30 syyskuuta 2016

Artist of October - Pekka Halonen

Pekka Halonen (1865 - 1933) is one of our most important national romantic painters. He studied in Helsinki at the Art Society's Drawing School for four years and graduated with good grades winning a scholarship to study abroad. He went in 1890 to Paris, where he first studied at the Academy Julian and later under Paul Gauguin.

In 1895 Pekka Halonen married a young music student, Maija Mäkinen and they got 8 children. In the beginning of their marriage, the couple lived in several places before settling down in a house with a studio on Lake Tuusula in 1895. Here the Halonen family lived in an imposing pinewood villa known as ‘Halosenniemi’. Halosenniemi was designed by Pekka Halonen himself and his brother and was completed in 1902.

The building is now a museum that includes original furnishings and Halonen’s own art. On the shores of the lake where he resided an artists’ community flourished, helping to develop a sense of Finnish national identity. In addition to Halonen the artists' community's members were composer  Jean Sibelius, writer Juhani Aho, poet J. H. Erkko and painters Eero Järnefelt and Venny Soldan-Brofeldt. 

The view through the big atelier window is fascinating and it was an important source of inspiration for his art. In Tuusula Halonen had a wide circle of artist friends and relatives which provided him with a daily source of social and cultural stimulation.

I write here only shortly because at Alternative Finland you'll find many great photos of his paintings and his curriculum in English. It's worth while looking!

The fifth photo that I'm sharing is my salute to the fabulous September 2016!

Wishing you a good start for October!

Linking with

13 kommenttia:

  1. Thank you for sharing the story of this very talented artist. The home he lived is looks fascinating. And, I love your collage of September; beautiful flowers. Wishing you the best, Pat xx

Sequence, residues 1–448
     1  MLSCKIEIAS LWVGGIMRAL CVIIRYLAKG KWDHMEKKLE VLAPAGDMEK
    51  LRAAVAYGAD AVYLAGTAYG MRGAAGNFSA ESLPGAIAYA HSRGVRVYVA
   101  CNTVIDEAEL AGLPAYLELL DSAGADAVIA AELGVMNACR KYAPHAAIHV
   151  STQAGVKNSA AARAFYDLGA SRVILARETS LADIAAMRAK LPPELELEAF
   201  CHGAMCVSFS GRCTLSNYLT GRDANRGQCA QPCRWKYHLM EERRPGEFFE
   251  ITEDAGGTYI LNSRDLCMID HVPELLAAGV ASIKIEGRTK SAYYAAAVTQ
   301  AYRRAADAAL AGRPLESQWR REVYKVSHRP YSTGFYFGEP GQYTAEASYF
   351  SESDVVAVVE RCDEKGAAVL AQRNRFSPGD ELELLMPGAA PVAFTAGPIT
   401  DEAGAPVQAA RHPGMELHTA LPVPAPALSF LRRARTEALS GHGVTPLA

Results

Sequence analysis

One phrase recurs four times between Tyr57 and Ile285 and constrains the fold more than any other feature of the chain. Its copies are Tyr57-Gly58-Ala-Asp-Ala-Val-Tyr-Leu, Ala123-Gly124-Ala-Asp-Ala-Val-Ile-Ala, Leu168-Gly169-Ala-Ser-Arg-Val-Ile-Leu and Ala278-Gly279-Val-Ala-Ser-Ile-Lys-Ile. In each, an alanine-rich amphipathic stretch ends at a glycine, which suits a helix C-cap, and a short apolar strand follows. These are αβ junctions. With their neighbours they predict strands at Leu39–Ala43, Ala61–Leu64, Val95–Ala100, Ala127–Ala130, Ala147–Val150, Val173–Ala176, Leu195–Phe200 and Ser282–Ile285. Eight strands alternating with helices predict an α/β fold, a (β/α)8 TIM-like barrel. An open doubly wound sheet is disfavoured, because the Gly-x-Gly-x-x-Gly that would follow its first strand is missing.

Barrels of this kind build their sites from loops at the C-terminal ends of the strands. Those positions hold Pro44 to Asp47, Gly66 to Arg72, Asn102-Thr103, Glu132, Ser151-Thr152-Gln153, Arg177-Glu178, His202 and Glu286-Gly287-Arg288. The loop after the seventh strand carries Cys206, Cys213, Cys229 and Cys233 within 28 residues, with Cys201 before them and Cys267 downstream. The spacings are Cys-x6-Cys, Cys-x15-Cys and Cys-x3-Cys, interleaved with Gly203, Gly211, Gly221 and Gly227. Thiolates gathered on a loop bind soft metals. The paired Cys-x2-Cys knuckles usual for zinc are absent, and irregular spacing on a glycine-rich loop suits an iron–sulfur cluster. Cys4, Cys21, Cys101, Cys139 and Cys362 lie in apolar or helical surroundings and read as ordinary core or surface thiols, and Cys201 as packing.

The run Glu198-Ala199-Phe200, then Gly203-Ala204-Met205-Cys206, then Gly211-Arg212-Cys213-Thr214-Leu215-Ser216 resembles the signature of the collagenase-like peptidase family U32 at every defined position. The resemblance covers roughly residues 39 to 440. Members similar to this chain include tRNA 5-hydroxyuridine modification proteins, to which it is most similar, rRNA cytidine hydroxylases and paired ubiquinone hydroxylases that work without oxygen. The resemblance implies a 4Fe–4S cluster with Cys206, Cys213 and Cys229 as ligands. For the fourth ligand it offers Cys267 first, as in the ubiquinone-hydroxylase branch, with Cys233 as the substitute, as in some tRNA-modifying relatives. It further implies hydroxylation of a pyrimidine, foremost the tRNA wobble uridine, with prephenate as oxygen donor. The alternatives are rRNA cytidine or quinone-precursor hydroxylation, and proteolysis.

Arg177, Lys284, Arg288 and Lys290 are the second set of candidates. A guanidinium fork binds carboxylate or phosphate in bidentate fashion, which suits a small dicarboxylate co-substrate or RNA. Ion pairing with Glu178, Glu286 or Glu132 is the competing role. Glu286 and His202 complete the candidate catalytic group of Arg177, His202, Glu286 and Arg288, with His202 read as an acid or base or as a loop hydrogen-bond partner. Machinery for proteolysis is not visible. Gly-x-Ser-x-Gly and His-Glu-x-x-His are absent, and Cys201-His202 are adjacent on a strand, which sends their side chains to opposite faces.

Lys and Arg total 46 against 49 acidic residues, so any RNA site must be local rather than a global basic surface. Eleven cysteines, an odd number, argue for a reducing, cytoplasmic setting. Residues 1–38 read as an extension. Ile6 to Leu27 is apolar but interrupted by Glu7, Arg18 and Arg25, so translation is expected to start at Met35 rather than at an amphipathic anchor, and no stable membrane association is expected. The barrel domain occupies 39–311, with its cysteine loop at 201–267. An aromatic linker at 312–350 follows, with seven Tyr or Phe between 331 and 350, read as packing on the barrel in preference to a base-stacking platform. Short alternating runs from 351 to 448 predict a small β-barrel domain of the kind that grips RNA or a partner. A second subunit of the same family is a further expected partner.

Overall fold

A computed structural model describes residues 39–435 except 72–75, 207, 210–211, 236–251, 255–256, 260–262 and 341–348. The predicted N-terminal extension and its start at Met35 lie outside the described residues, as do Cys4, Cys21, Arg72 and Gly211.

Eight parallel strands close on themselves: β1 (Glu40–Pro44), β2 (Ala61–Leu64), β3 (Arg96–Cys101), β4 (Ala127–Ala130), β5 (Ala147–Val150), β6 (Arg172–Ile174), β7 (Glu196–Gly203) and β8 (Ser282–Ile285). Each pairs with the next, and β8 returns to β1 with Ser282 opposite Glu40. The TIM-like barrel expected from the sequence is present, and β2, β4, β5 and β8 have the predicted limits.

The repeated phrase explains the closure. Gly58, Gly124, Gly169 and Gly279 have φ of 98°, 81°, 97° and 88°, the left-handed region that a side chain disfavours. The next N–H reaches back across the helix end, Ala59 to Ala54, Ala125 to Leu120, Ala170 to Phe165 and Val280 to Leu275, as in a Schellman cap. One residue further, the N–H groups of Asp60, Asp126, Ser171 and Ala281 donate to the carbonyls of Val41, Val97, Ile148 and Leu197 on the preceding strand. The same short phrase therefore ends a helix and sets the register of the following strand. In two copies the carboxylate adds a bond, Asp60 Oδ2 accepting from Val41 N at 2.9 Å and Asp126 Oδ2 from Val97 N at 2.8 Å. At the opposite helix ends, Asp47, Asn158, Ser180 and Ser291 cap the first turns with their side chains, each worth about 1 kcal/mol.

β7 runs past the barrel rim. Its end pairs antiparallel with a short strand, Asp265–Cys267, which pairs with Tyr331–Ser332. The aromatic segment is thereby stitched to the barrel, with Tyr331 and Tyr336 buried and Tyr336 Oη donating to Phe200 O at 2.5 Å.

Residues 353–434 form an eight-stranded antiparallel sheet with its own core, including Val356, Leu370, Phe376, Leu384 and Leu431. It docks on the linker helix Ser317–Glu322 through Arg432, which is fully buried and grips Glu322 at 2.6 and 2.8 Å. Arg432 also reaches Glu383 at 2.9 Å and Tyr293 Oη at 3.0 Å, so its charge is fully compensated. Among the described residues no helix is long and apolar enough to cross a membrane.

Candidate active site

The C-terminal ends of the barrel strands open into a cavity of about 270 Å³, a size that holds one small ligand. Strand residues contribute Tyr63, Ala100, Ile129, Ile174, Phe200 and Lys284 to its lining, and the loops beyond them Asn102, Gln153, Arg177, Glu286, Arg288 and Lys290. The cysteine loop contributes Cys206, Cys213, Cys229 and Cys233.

2. Thanks for the interesting post about an for me unknown painter.
    Your september mosaic is marvellous.
    Enjoy the autum time

  3. Wonderful post Ritta. The artwork is lovely and so is your salute to September.

  4. I love the villa. It must have been a very inspiring place.

  5. What a wonderful place to live. I especially like the huge window letting in so much light, the perfect place for an Artist. September was a beautiful month indeed. Have a good weekend Riitta.

  6. I am so loving your Finnish artists Riitta. That studio window looks fabulous looking out onto an icy world. My paint monthly will go up tomorrow if you would like to add your link. Hopefully a few more people will join us in October. :) B xx

  7. What a talented artist. The big atelier window offers breathtaking views it is no surprise it was such an inspiration.

    Angela - Garden Tea Cakes and Me

  8. Thanks for sharing the story of this artist. That building looks fantastic. Glad they turned it into a museum where everyone could learn about him and his family.

    Have a happy Five on Friday!

    1. Thank you all for your lovely comments!

      I visited Halosenniemi last summer and the pine building was really impressive. To think that it is over 100 years old, it was in such a good condition. The house stands very near to the Lake Tuusula and there is a separate sauna building on the shore. Our guide was excellent, I enjoyed the visit very much.

  9. I envy talented people that can paint.

  10. Thanks for your beautiful post, Riitta. His art is interesting and the window and the view from it are inspiring! Your September photo mosaic is lovely, and I wish you a happy October, too.

  11. Thank you for introducing me to a new artist and I like your salute to September.

  12. It must have been stimulating being part of an artistic community or having family members who were so creative and the surrounding countryside an inspiration to them. The villa and studio is beautiful and interesting.Your mosaic celebrating September is beautiful. We have yet to see those wonderful autumnal colours in nature here, but there are some signs of things to come in the leaves of the horse chestnut and beech trees.


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